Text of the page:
Florida’s insurance commissioner announced today that his office has found an “unprecedented solution” to the looming property insurer rating crisis – let Citizens Property Insurance Corp. provide a level of reinsurance to companies in case they are downgraded, at least temporarily.
Insurance industry advocates called it “innovative” and an “elegant solution.” And Citizens officials have agreed to the arrangement.
“We’ve been working closely with stakeholders, from OIR, the governor’s office, and the CFO over the past several days and are onboard with OIR’s plan,” said Citizens’ communications director, Michael Peltier.
The Florida statute governing Citizens authorizes the state-created insurer to enter into quota-share agreements with other insurers for hurricane coverage and other eligible risks. Having that in place will now let carriers take advantage of an exception in otherwise strict federal home lending rules, the OIR said in a statement.
The Florida insurance market was thrown into an uproar last week when the Demotech rating firm sent letters to 17 Florida property insurers, warning that they will soon face financial strength downgrades. Demotech has since said it will hold off on the ratings until further notice.
The downgrades are problematic for Fannie Mae and Freddie Mac, the quasi-governmental secondary mortgage-lending corporations. Without strong ratings, the lenders won’t back mortgages, which could have forced thousands of Florida homeowners to seek new coverage or be moved into expensive force-placed policies, state regulators have said. But Fannie and Freddie both offer loopholes to the rating requirements if the insurer is covered 100% by a reinsurance endorsement for any loss payable, the OIR said.
“OIR, in conjunction with Citizens, has formed a program that meets the exceptions to the Fannie Mae or Freddie Mac guidelines,” the OIR statement reads. “Therefore, there should be no reason for lenders to require a replacement policy, or force-place coverage based solely on the ratings downgrades.”
The Florida Insurance Guaranty Association would remain responsible for paying claims for any insolvent carriers going forward, up to its statutory limit. But the OIR plan appears to let Citizens cover liabilities above the FIGA limit.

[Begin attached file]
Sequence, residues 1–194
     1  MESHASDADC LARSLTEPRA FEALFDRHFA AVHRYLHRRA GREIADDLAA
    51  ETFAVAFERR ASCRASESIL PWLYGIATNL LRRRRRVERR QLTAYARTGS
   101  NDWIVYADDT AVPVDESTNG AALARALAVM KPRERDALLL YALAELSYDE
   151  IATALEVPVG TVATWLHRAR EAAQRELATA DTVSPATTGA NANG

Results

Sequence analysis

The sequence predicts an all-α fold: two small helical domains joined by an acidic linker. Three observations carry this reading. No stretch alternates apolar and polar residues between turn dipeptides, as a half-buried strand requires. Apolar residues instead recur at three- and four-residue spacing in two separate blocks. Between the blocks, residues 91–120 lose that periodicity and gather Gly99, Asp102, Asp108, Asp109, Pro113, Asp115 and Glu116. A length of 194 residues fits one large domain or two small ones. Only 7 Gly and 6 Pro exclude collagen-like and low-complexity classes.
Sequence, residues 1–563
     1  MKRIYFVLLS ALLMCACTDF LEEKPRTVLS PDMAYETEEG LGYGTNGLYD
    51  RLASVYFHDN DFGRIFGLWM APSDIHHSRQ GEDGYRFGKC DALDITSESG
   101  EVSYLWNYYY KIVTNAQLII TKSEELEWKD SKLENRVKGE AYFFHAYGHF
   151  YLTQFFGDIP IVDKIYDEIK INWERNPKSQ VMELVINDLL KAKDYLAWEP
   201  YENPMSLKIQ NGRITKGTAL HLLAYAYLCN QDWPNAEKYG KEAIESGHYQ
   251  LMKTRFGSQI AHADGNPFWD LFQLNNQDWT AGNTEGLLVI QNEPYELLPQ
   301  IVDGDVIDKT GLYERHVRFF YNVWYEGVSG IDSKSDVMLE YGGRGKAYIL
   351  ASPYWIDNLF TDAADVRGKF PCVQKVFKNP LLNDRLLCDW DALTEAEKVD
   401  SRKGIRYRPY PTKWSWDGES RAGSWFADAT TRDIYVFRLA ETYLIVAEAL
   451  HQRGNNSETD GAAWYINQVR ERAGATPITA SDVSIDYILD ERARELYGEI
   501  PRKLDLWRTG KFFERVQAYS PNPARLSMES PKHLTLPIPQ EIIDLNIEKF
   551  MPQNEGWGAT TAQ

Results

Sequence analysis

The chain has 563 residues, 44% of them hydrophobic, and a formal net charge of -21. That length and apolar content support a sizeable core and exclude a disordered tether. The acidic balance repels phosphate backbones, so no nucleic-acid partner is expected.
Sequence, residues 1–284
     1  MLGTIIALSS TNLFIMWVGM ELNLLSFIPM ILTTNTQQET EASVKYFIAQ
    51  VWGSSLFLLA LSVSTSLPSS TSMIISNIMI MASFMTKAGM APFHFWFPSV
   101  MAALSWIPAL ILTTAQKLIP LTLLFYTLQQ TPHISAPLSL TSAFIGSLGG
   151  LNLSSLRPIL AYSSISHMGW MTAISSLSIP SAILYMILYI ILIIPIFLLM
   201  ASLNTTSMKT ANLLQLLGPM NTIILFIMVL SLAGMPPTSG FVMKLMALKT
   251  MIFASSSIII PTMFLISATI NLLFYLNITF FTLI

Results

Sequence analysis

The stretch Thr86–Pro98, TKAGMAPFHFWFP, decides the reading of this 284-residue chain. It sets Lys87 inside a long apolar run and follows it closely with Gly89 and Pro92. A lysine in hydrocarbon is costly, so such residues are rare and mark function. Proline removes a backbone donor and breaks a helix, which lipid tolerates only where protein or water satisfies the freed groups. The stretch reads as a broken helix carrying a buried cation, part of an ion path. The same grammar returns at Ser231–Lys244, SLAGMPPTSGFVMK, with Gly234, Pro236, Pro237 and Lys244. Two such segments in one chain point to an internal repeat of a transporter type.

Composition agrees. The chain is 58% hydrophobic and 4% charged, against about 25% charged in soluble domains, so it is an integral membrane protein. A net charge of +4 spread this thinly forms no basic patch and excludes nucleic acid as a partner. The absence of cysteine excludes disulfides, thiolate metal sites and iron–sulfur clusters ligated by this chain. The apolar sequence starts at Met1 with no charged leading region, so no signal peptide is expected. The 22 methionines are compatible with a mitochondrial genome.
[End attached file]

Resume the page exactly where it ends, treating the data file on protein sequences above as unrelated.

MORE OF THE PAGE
“This innovative arrangement satisfies requirements set by the secondary mortgage market,” OIR said. “In the event we need to implement this temporary solution, consumers will not need to seek coverage elsewhere, agents will not need to move policies, and lenders can have confidence that these insurers continue to meet the mortgage qualifications.”
The announcement quickly raised questions around the industry, including concerns about how long would the arrangement will remain in place; and if it proves workable, would that mean financial ratings are no longer needed? If the mortgage requirement is the chief reason for financial stability ratings, perhaps regulators have found a new way to meet the unique needs of the Florida market.
The ultimate impact on Citizens was not made clear Wednesday. Commissioner David Altmaier’s office said in the release that the arrangement will help keep Citizens from assuming more homeowner policies. The 20-year-old corporation, established to be an insurer of last resort, is growing by more than 30,000 policies a month and is on track to be the largest property insurer in the state with at least 1.2 million policies in force by year’s end.
But taking on ceded policies from some struggling private insurers could ultimately affect Citizens’ exposure.
Despite that, the plan is a good one, said Paul Handerhan, president of the Florida-based Federal Association for Insurance Reform. He noted that it is similar to a “cut-through endorsement” that essentially guarantees an insurer’s obligations.
Ratings downgrades likely would not have cost Fannie Mae significantly, but the new arrangement should give the lenders confidence that loans are fully protected, Handerhan said.
Demotech and Florida regulators have not named the 17 carriers facing potential downgrades. Several reported to be on the list have declined to comment.
A number of companies rated by Demotech have made major changes this year to try and manage the turbulent Florida waters. This week, Southern Oak Insurance notified agents that it had instituted a $250,000 coverage limit, and will only write structures built in 2022. The carrier, which covers about 1% of the Florida market and holds $134 million in direct written premium, also said it would no longer write policies in 10 counties.
The changes are set to take effect July 30. New quotes meeting the current guidelines must be bound by 6 p.m. on Friday, July 29.
“Thanks to a flourish of positive growth so far this year, we are outpacing our projected reinsurance growth and feel that temporarily limiting our capacity will maintain the level of financial responsibility and exposure management that our policyholders and agency partners know and trust,” Southern Oak’s bulletin reads.
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